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FINDING CURES TOGETHER<sup>SM</sup>

American Association for Cancer Research Releases 2014 Cancer Progress Report: Research is Transforming Lives

Now is the time to invest in the NIH
Six new anticancer drugs approved in past 12 months; an estimated 14.5 million cancer survivors alive today in the United States
9/16/2014

​PHILADELPHIA — Research continues to fuel significant advances against cancer. This progress has been spurred by federal investments in the National Institutes of Health (NIH) and National Cancer Institute (NCI), according to the American Association for Cancer Research's (AACR) fourth annual Cancer Progress Report, released today.

Thanks to research, Americans today are more likely to survive a cancer diagnosis and enjoy a higher quality of life than at any other time in history.

"While we are continuing to make impressive progress against cancer, the pace of that progress is being slowed due to years of declining budgets at the NIH and NCI," said Carlos L. Arteaga, MD, president of the AACR and professor of medicine and cancer biology at Vanderbilt-Ingram Cancer Center, Vanderbilt University, Nashville, Tennessee. "If we are to fully realize the promise of science to transform cancer care, it will require leadership in Congress and within the administration to ensure that biomedical research in cancer becomes a major priority for our nation."

The AACR Cancer Progress Report 2014 is a comprehensive educational tool that chronicles the progress that has been made against cancer; details how federal investment in the NIH and NCI is transforming lives, such as the lives of the 12 individuals who shared their experiences with cancer in the report; and calls on the administration and Congress to prioritize the growth of the NIH and NCI budgets at a predictable, robust pace by providing annual budget increases at least comparable to the biomedical inflation rate.

According to the report:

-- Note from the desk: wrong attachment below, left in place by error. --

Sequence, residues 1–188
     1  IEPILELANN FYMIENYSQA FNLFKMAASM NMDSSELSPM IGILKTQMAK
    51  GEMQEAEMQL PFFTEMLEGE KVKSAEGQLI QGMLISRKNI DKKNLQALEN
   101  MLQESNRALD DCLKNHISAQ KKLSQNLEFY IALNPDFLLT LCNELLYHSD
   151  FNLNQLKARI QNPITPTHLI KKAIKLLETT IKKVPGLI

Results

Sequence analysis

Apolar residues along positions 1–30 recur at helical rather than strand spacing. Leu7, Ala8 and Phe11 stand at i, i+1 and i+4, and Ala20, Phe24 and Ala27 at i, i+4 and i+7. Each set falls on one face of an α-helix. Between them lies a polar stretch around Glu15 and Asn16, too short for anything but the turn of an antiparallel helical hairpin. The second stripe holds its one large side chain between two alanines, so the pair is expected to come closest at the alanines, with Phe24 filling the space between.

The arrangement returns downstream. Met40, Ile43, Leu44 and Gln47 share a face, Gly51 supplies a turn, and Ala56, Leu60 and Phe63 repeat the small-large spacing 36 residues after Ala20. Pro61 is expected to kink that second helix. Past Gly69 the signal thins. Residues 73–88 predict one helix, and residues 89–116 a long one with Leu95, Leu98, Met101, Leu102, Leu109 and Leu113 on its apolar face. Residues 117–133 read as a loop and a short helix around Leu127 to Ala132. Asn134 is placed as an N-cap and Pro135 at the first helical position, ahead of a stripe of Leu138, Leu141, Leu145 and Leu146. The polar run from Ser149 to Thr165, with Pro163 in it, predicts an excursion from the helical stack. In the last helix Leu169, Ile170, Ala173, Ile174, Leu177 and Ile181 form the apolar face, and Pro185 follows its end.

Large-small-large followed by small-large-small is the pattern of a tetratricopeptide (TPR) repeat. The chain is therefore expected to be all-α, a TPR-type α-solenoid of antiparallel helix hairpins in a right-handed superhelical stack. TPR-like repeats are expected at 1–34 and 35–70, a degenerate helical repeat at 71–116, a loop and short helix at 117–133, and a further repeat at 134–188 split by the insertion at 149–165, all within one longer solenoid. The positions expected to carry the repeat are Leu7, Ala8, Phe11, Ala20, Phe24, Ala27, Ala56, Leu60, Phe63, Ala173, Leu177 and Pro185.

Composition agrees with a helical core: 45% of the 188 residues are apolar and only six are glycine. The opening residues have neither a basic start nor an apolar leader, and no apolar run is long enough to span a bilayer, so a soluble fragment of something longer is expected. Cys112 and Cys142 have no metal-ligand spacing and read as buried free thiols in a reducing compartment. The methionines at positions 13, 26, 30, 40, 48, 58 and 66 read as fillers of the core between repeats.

• There are estimated to be nearly 14.5 million cancer survivors alive today in the United States, and almost 380,000 of these individuals received their cancer diagnoses as children or adolescents.
  • Between Aug. 1, 2013, and July 31, 2014, the U.S. Food and Drug Administration (FDA) approved six new anticancer therapeutics and new uses for five previously approved anticancer therapeutics.
  • During the same period, two imaging agents received new cancer-related FDA approvals, as did a previously approved screening test.
  • Research discoveries continue to advance precision medicine: Five of the six new anticancer therapeutics are molecularly targeted agents.
  • Patients with some types of cancer have three or more molecularly targeted treatment options, should their cancer recur or become resistant to the primary therapy.
  • Cancer genomics research is the foundation for novel clinical trials designed to accelerate the pace at which new therapeutics are approved for patient care.
  • Cancer immunotherapeutics are continuing to yield remarkable, long-lasting patient responses in several types of cancer.


Cancer: An Ongoing Challenge; Research: A Vital Investment

The report states that although extraordinary advances are being made against cancer, the disease remains a major health care challenge and a huge financial burden, both nationally and internationally.

Moreover, because most cancer diagnoses occur in those who are 65 years of age and older, a segment of the U.S. population that is expected to double by 2060, it is predicted that the number of cancer diagnoses will increase dramatically in the future.

The report emphasizes that the rising economic and personal burden of cancer underscores the urgent need for more research to develop new prevention and treatment approaches.

"Research has transformed the lives of millions of individuals," said Margaret Foti, PhD, MD (hc), chief executive officer of the AACR. "However, we need more progress because it is unacceptable that one American will die of cancer every minute of every day this year. Cancer survivors like the 12 courageous individuals who shared their stories in this report, as well as those who are projected to receive a cancer diagnosis in the future, are depending on our nation's policymakers to make funding for biomedical research a national priority."